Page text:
Last night Steve Moore asked me to speak briefly about ideas for a Big Society Commons or Store, which I wrote about here, and here. I said we need space with different levels … information, conversation, exchange, products and services. Maybe it is a mall plus a market, some high tech, some low. It is absolutely not created by government, but by those with something to offer.
Then I started to wonder about the role of the skilled, creative, passionate people at the Open Night. Perhaps one analogy for part of the store is an Apps store, where you can download smart ways of doing things to your mobile phone. Some are free, some you pay for. The fee goes to the developer, with a percentage to the store owner.
It works because there is a framework for the way apps are developed – tight in the case of Apple, more flexible in open sources stores.
So perhaps some of the people at the Open Night were potential developers for the Social Apps Store. If the Network can help to create the store, it will provide a much bigger market for those with social action products and services to sell – or offer free.
The Apps Store offers one metaphor to help us think how we bring good stuff together, what’s in it for the different interests involved, what rules and frameworks we need to make sure things work together.
The idea of a Apps - or is it just App? store - got some attention on Twitter, and among the Network team. It has led to a couple of invitations to discussions in Government, so I have developed it in more detail over here on the wiki.
As I explain there, although I'm using a mobile phone app store as an analogy, the content should not be just tech. For example, I really like the offline Social Spaces that Tessy Britton and collaborators will be launching this autumn through the Travelling Pantry.
There's lots of possible threads for discussion on Big Society ... so this is just an open invitation to suggest some that you might wish to follow here.
I'm hoping I'll continue to do some work with the Network, so I can put some effort into providing support by updating on what's happening. Just to provide some balance, it would be great to have some other facilitator/reporters whether enthusiastic or sceptical.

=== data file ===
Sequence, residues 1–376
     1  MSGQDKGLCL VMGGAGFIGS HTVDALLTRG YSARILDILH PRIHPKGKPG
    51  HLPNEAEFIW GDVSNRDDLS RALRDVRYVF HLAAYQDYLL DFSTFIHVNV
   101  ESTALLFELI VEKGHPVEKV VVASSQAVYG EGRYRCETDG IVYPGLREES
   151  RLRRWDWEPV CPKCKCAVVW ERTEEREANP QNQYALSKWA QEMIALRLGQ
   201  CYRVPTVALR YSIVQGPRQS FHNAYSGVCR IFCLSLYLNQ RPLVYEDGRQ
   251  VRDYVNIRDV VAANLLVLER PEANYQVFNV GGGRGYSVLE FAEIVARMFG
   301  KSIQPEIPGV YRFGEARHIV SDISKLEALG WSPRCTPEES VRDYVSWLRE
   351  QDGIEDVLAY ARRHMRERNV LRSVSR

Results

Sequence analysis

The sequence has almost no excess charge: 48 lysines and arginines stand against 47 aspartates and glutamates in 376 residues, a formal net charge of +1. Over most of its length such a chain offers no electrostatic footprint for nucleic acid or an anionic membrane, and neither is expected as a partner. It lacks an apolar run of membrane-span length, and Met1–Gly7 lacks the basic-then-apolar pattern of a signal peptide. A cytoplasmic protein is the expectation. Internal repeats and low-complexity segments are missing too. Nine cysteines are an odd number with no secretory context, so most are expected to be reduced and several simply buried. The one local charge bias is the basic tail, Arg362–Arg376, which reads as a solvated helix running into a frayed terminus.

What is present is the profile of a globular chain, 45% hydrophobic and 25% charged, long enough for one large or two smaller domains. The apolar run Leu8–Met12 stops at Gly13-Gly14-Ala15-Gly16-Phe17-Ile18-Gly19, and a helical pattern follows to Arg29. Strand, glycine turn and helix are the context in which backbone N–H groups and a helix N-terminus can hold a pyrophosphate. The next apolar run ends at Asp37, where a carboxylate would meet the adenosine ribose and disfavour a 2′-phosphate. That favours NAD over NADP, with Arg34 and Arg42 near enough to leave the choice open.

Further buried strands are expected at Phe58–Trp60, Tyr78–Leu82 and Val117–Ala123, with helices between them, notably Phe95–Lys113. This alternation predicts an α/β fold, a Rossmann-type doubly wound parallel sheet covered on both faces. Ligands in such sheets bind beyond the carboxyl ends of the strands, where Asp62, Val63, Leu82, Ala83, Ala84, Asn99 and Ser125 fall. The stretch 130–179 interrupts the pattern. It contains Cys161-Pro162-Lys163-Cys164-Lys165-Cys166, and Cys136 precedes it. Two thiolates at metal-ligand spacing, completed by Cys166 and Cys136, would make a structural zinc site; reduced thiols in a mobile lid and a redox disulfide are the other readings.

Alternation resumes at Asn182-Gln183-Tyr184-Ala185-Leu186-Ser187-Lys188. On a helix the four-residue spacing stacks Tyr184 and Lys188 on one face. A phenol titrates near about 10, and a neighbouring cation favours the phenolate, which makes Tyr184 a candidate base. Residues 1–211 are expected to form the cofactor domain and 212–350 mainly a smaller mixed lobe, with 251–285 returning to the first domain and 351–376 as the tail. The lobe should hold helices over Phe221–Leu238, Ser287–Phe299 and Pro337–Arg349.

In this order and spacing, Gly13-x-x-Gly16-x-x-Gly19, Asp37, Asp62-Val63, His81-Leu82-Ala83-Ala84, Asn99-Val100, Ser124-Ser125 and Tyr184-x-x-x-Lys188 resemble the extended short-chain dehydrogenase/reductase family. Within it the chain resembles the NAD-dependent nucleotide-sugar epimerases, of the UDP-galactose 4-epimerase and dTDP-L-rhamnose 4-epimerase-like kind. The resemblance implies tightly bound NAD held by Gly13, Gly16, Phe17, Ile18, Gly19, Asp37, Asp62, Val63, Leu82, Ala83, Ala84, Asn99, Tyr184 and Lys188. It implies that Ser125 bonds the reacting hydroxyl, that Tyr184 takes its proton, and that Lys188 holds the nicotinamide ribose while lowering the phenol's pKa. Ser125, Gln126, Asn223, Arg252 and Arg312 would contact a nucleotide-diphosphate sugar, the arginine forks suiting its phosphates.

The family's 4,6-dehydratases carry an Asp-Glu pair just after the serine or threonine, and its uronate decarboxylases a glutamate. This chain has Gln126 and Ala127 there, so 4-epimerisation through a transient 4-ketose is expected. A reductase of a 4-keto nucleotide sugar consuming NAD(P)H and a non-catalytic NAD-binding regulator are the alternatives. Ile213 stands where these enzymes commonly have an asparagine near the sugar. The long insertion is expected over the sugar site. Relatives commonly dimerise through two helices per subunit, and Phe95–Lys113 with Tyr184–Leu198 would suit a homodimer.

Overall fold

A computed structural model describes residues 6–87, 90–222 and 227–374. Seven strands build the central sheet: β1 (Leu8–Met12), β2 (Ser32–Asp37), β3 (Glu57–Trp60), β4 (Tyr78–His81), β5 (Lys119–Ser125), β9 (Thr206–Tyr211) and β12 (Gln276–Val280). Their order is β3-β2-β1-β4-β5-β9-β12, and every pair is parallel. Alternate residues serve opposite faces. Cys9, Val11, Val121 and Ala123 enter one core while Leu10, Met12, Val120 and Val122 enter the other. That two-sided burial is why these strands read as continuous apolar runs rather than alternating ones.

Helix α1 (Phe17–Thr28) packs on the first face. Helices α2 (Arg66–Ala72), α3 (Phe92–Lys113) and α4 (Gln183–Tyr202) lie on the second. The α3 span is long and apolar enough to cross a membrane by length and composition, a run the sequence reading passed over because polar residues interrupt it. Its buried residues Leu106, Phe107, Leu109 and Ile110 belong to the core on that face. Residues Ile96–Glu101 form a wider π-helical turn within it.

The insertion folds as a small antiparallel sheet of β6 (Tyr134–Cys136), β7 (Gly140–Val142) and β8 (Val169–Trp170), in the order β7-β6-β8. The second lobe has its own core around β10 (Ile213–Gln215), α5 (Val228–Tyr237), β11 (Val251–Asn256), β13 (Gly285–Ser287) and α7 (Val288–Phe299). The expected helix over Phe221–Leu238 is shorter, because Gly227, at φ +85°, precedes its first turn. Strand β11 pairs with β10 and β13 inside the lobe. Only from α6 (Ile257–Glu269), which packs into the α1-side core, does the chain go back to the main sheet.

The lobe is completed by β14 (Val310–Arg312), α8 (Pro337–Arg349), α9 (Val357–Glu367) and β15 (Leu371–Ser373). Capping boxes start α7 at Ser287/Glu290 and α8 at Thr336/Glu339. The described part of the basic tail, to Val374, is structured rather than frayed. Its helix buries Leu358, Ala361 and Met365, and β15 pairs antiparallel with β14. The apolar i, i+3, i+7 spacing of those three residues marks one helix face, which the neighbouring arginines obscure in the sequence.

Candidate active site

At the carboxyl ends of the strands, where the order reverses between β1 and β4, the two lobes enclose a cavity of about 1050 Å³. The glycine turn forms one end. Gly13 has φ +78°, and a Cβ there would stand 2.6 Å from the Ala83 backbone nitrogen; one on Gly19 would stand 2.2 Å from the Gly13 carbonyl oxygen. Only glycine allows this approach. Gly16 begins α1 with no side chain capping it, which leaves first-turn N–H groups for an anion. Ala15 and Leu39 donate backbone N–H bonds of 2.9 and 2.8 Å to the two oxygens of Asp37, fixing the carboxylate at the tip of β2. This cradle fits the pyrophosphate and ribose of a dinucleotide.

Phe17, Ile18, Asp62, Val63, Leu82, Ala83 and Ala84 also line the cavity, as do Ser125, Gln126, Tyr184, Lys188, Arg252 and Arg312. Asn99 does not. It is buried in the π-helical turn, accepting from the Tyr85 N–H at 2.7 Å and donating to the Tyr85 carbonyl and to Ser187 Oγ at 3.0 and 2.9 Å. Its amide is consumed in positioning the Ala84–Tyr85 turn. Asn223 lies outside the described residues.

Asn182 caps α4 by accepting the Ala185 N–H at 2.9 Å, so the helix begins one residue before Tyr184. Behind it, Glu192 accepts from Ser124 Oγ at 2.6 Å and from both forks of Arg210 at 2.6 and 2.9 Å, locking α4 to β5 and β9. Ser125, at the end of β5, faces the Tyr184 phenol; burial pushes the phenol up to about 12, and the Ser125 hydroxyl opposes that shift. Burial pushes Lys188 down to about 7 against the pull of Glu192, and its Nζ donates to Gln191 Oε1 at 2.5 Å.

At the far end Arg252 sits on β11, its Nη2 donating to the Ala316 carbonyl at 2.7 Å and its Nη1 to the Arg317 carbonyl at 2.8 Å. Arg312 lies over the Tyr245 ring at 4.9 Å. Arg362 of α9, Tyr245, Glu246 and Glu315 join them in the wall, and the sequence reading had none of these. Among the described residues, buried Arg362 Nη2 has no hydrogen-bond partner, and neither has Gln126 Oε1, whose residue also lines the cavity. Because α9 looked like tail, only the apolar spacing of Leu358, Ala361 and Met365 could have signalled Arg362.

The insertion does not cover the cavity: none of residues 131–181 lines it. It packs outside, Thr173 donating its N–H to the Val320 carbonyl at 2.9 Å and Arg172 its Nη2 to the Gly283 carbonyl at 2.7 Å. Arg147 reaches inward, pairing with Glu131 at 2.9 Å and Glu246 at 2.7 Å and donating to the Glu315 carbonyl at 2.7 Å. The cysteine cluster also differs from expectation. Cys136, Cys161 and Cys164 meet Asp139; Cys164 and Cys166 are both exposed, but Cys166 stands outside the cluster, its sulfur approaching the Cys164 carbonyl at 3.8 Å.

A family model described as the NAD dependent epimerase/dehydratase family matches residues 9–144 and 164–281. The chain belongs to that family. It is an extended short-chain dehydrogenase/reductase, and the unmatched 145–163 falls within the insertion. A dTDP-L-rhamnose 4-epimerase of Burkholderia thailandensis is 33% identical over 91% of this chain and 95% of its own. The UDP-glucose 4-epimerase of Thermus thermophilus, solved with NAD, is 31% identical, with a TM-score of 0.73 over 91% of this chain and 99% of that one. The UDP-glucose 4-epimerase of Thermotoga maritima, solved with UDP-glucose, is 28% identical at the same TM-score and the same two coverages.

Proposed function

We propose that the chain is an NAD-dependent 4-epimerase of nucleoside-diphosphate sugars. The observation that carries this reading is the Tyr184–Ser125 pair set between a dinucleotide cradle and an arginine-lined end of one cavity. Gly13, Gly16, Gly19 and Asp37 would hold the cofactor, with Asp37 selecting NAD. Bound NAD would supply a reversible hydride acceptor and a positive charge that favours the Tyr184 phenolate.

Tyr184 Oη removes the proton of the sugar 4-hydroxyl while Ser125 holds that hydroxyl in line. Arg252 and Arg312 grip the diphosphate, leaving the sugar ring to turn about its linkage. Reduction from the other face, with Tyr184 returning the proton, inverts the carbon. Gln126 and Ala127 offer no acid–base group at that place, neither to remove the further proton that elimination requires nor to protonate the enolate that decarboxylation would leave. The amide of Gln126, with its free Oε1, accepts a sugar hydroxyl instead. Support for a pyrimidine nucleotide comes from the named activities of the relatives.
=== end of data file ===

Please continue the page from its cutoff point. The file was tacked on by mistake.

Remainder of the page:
Anyone up for that? Key issues? Questions?
Here's something on social media Surgeries as part of this discussion. With full acknowledgements to Nick Booth, progenitor, and inspiration.
In some ways, I think Social Media Surgeries are a pure manifestation of the Big Society concept. The original idea from Nick Booth was truly inspirational, and I have been fortunate, through the Digital 20/20 programme, funded by Yorkshire Forward, to be able to take it on and roll it out in nearly all the main cities and towns in Yorkshire now. We have managed to persuade people, from a variety of backgrounds, with social media knowledge, to pass on their skills and knowledge to people who will make good use of it in local communities and support organisations. The main reward they get, is a sense of well-being at having done a good deed, and, time and again, the “Surgeons” have told me how good it makes them feel. The Surgeries we have established in Yorkshire have effectively become support mechanisms and networking opportunities for the Surgeons, as much as they have been of assistance to the “Patients”. And, not only do we get the “Surgeons” for free, we always manage to get the venues, and often refreshments too, for free.
I think we can make Social Media Surgeries centrepieces of the Big Society approach. They are, in themselves, demonstrators of the Big Society, as well as being sources of knowledge, skills, expertise and inspiration for the individuals and organisations who will develop Big Society initiatives. Social Media will be vital in connecting people together, providing them with opportunities to collaborate, and amplifying the results of their collaborations. It will allow them to do more with less, gain access to sources of advice and support for doing things differently, and telling the stories of their successes. In this context, I don’t think it is too fanciful to say that the establishment of a social media surgery in an area can be a catalyst for a new forms of community development. I would certainly like to look for resources to kick start social media surgeries in the four Big Society pilot areas. I know Nick has been doing some of this stuff working with Neighbourhood Managers in Birmingham, and I amy talking to a local authority in Yorkshire about an approach which takes Social Media Surgeries into neighbourhoods and uses them to connect people together.
I hope this is useful – I suppose what I am saying is that – in Social Media Surgeries, we could see a manifestation of the exhortation to “be the change you want to see”.
Sorry about that last bit, it was quite late when I wrote it!